For long, our tea has come from vast estates. Far-flung and isolated, they are worlds unto themselves, a way of life, with hundreds of people working and living there with their families. This tea plantation model, however, seems to have become unviable and small tea growers, though not new to the scene, are beginning to claim a larger share of the market.
Estate management is mandated to provide housing, rations, primary school facilities and primary healthcare. Tea planters say 60% of their cost of production is labour cost. Moreover, labour is no longer available easily and climate change is adding to the stress. In such a scenario, small tea growers, who contributed 28% to our annual tea production in 2011, saw their share rising to 51% in 2021, according to a Confederation of Indian Small Tea Growers Association status paper this February. The report puts the number of small tea growers at around 240,000, cultivating 200,000 hectares and producing about 691 million kilograms of tea. Assam, which produces 52% of the country’s tea, leads the count—it also leads in experimentation.
The Tea Board of India defines a small tea grower as one who farms on less than 25 acres; the paper suggests the average holding size is 2.14 acres. Most are family-owned and family-run farms that harvest leaves and sell them to factories; some process their own leaves to experiment with tea-making.
Within this large and still somewhat messy segment, some extraordinary stories have begun to emerge. In Assam, Sailen Phukan of the Latumoni farm is working constantly on styles (his tea pellets are especially interesting), Rakhi Saikia of Pabhojan makes a rare yellow tea, Bijit Basumatary and Bhugeshwari Changmai are proponents of organic cultivation.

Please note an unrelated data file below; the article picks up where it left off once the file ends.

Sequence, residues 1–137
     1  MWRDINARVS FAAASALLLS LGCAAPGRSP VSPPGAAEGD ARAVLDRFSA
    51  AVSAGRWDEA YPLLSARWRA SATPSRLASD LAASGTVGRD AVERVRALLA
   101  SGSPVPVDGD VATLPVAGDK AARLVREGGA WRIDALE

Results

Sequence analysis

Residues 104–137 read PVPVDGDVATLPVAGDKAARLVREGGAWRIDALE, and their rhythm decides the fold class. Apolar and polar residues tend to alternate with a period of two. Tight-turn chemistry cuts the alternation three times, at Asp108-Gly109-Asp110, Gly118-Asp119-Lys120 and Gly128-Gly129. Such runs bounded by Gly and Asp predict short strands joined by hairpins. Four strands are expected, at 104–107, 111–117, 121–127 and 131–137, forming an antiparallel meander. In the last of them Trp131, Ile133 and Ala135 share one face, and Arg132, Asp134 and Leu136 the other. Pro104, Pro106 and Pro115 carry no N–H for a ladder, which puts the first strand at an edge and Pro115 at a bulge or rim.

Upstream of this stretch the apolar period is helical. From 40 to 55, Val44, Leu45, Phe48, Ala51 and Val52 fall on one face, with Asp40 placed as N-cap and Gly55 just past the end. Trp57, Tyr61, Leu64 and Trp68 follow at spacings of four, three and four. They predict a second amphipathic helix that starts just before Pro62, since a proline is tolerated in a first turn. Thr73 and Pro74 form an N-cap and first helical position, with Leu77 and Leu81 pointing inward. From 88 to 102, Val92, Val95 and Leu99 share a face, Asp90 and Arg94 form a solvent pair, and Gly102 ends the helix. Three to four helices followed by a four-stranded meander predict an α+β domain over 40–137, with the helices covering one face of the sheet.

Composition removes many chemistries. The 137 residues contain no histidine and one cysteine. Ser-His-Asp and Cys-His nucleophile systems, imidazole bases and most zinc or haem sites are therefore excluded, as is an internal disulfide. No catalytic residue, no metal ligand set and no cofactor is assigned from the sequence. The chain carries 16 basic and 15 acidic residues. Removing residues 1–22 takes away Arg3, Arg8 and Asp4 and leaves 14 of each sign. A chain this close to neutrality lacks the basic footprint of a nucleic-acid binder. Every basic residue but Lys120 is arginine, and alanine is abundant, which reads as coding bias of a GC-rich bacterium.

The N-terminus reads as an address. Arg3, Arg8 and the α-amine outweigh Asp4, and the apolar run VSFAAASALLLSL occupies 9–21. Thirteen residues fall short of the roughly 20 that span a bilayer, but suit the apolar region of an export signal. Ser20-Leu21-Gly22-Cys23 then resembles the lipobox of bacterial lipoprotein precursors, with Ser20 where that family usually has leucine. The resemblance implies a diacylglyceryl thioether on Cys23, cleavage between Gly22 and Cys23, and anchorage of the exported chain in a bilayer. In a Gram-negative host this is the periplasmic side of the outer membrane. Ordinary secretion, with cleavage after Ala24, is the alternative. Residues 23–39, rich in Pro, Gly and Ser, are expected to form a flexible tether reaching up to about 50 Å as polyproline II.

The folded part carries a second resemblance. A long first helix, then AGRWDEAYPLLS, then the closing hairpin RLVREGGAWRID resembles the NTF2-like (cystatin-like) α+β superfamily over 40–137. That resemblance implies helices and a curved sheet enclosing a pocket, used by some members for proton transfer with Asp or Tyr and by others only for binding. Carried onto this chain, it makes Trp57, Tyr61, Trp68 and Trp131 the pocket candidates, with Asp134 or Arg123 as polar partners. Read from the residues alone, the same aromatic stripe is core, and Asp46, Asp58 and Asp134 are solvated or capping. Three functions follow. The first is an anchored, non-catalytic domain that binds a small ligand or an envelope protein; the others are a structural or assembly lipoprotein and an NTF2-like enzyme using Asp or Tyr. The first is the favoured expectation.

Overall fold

In Darjeeling, West Bengal, Rajah Banerjee, former owner of the famed Makaibari gardens, runs Rimpocha, an artisanal tea brand working exclusively with small tea growers. In the south, Knowledge Sharing and Caring, a group of about 12 small farmers, works on artisanal teas. The women-run Tea Studio in the Nilgiris, with a focus on sustainability, is a model for bought leaf factories, producing teas only on order.
The small tea grower movement, in fact, began in south India in the 1960s. But one man credited with popularising it, in the late 1970s and early 1980s, is Gangadhar Saikia from Assam. A headmaster at Golaghat district’s Melamora Village School, he decided to become a tea farmer once restrictions on small growers were lifted in 1978. Saikia planted tea on two bighas (one bigha equals 0.6 acre). It became a model worth emulating since he apparently encouraged villagers to plant tea and sugar-cane on fallow land. Sugar-cane lost its sheen with excess production; tea remained a profitable business.
And as stand-alone tea factories, called bought leaf factories, began to come up across India, the separation of tea cultivation and tea processing has seen the birth of new models.
Tea Nanny is a fortnightly series steeped in the world of tea. Aravinda Anantharaman is a Bengaluru-based tea blogger and writer who reports on the tea industry. She posts @AravindaAnanth1 on Twitter.